THE Commons also made a facrifice to the queen, more difficult to obtain than that of any articles of faith: They voted a fubfidy of four fhillings in the pound on land, and two fhillings and eight-pence on goods, together with two fifteenths. The house in no inftance departed from the most respectful deference and complaifance towards the queen. Even the importunate address, which they made her on the conclufion of the feffion, to fix her choice of a husband, could not, they supposed, be very difagreeable to one of her fex and age. The addrefs was couched in most respectful expreffions; yet met with a refusal from the queen. She told the speaker, that, as the application from the house was conceived in general terms, only recommending marriage, without pretending to direct her choice of a husband, fhe could not take offence at the addrefs, or regard it otherwise than as a new inftance of their affectionate attachment to her: That any farther interpofition on their part would have ill become either them to make as subjects, or her to bear as an independent princefs: That even while the was a private perfon, and expofed to much danger, she had always declined that engagement, which the regarded as an incumbrance; much more, at present, would she perfevere in this fentiment, when the charge of a great kingdom was committed to her, and her life ought to be entirely devoted to promoting the interests of religion and the happiness of her fubjects: That as England was her husband, wedded to her by this pledge (and here the fhewed her finger with the fame gold ring upon it, with which she had folemnly betrothed herfelf to the kingdom at her inauguration) fo all Englishmen were her children; and whilft she was employed in rearing and governing fuch a family, she could not deem herself barren, or her life ufelefs and unprofitable: That if the ever entertained thoughts of changing her condition, the care of her fubjects' welfare would still be uppermost in her thoughts; but should she live and die a virgin, she doubted not but divine providence, feconded by their counfels and her own measures, would be able to prevent all dispute with regard to the fucceffion, and fecure them a sove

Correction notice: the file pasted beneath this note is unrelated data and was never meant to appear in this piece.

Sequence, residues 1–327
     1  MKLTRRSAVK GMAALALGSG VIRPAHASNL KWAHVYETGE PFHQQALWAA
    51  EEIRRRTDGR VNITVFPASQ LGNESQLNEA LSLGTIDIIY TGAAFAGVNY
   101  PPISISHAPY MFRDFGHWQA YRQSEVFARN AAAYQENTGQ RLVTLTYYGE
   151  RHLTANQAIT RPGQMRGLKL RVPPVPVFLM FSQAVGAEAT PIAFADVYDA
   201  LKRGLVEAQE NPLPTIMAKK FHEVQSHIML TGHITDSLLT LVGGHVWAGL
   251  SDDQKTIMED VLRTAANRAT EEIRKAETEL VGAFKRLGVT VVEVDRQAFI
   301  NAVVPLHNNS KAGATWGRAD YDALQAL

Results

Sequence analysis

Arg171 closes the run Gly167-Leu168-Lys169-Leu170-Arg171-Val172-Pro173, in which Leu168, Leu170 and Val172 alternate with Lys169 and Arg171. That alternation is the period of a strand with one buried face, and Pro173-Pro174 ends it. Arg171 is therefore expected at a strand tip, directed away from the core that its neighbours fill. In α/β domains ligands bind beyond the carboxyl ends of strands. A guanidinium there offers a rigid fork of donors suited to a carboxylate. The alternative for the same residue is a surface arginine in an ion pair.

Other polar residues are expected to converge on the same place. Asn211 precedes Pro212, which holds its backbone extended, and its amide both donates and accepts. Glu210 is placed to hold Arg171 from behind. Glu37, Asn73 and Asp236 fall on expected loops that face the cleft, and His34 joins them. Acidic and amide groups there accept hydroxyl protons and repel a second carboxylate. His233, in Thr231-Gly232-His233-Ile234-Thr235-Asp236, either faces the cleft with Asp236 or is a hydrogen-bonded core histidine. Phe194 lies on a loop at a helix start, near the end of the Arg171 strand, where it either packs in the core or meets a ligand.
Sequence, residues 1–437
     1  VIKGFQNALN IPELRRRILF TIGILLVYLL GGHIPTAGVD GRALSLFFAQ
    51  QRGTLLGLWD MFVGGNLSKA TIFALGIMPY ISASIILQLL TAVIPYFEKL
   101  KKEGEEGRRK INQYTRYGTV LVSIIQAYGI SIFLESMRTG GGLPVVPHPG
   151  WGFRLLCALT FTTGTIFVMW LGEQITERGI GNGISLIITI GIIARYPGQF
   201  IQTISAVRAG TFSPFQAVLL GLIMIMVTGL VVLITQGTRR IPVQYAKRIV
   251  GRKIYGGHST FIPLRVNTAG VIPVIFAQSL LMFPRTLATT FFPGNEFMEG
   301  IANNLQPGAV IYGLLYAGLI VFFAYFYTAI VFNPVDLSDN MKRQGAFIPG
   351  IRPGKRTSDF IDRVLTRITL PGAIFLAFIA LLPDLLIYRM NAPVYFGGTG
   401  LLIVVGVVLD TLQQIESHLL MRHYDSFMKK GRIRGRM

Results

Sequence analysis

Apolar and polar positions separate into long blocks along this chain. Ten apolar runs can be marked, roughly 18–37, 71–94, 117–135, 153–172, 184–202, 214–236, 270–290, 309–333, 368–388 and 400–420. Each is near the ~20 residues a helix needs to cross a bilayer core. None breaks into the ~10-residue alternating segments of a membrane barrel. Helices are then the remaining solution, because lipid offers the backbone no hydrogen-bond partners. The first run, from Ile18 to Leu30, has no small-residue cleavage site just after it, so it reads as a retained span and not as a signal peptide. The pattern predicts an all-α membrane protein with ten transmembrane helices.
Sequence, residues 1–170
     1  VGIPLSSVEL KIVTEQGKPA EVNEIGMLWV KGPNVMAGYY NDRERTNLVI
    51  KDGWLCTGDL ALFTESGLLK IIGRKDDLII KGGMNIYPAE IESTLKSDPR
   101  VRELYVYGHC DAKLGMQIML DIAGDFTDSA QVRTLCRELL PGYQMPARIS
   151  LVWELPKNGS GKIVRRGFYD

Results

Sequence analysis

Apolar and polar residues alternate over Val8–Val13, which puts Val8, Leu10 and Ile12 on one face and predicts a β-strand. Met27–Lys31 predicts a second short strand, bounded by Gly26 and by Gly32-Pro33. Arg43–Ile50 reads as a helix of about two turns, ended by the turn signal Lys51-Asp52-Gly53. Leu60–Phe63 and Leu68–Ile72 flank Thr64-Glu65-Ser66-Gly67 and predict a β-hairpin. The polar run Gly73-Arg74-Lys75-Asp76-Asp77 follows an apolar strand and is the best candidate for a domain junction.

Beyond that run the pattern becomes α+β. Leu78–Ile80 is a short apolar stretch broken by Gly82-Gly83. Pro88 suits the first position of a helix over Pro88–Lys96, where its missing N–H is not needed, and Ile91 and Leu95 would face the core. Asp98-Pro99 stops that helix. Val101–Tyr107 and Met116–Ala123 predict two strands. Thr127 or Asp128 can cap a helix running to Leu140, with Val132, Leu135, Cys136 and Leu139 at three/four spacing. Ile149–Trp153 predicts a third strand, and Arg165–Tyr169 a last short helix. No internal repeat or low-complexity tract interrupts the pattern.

*See note at the end of the volume.